We are just entering the period in the growing season when crop dusters do their work in Indiana.
July and August are the months when you are most likely to see the people who engage in aerial agriculture and their mission is oftern misunderstood.
They are not acrobatic pilots and they aren’t daredevils. What they do is big business and it can be risky.
It’s harder to find a crop duster in Indiana than in other Midwestern states. That makes it more likely that the people who see them flying low over farm fields have questions.
Jeff Elsner has been flying a crop duster out of Freeman Field in Seymour for 10 years. He’s become used to unusual encounters.
“We get complaints all the time thinking we’re dive bombing them or chasing them,” he said, “and what we’re doing is putting on a product for the farmer.”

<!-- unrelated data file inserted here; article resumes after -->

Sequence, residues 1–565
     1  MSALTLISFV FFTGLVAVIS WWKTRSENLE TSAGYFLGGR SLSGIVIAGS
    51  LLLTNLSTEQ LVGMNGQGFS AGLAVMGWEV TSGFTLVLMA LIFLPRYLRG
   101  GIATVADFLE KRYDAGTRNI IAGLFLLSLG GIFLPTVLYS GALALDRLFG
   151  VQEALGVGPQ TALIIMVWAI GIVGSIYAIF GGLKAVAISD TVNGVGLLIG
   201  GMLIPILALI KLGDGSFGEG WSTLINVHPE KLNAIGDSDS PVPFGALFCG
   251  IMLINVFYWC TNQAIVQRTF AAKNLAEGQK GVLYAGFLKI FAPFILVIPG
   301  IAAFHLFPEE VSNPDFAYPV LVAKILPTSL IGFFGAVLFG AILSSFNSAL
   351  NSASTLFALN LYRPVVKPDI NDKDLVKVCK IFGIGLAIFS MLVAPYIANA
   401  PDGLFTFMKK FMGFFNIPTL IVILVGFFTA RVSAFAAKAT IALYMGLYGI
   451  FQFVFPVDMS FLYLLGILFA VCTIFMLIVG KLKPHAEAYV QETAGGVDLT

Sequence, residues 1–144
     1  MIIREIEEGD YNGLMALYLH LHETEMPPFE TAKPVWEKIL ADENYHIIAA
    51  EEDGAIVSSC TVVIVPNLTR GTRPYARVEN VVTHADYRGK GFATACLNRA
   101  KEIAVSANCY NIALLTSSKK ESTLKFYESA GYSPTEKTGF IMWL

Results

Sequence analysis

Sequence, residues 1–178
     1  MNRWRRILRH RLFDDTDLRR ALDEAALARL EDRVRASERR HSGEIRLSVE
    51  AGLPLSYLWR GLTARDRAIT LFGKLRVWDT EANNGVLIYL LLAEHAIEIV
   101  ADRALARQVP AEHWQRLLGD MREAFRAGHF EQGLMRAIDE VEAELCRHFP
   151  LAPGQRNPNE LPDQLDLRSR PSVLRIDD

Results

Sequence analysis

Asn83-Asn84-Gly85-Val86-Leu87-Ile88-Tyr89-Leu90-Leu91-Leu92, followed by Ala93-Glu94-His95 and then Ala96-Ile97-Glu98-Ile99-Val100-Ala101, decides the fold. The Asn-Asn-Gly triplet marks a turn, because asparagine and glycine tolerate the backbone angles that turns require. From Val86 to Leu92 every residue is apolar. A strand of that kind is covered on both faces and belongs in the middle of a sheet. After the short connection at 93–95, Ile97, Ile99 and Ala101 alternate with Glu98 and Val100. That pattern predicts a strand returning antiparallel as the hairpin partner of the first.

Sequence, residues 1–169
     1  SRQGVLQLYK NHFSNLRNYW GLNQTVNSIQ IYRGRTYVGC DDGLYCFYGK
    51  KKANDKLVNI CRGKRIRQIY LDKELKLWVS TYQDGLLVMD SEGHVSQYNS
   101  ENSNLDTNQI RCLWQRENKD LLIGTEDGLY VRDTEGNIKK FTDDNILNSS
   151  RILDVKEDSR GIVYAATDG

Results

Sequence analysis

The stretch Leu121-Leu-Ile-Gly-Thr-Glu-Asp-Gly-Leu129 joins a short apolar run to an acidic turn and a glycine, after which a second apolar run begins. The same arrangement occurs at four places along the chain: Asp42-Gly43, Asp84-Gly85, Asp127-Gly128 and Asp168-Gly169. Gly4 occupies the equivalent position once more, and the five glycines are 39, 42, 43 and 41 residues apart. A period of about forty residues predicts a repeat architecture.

Most often that product is fungicide that goes on corn. With the wet weather we’ve had this summer there should be a big call for crop spraying.
And so the news that a pilot was injured in Montgomery County after hitting power lines will lead other pilots to focus on safety.
There is a youtube video that shows how a pilot navigates power lines, going under them at one end of the field and over them at the other.
When asked if he has a dangerous job Elsner said, “It can be. It’s a calibrated risk.”
He has logged 7,000 hours in a crop duster with just one close call.
“The airplane just quit flying. Couldn’t figure out what it was,” he said. “We saved it before it hit the ground. Come to find out it was a natural gas leak on a big underground line and I went through the plume.”
He was in the wrong place at the wrong time. It did nothing to curb his enthusiasm.
“I’m not gonna lie to you, it’s fun. It’s fun,” he said. “But after a 16 hour day doing it, it’s not so much fun.”
There is a state Agricultural Aviation Association and a national association.
They both hold safety meetings on a regular basis and Elsner says he spends much of the off season making sure that his crop duster is fully maintained.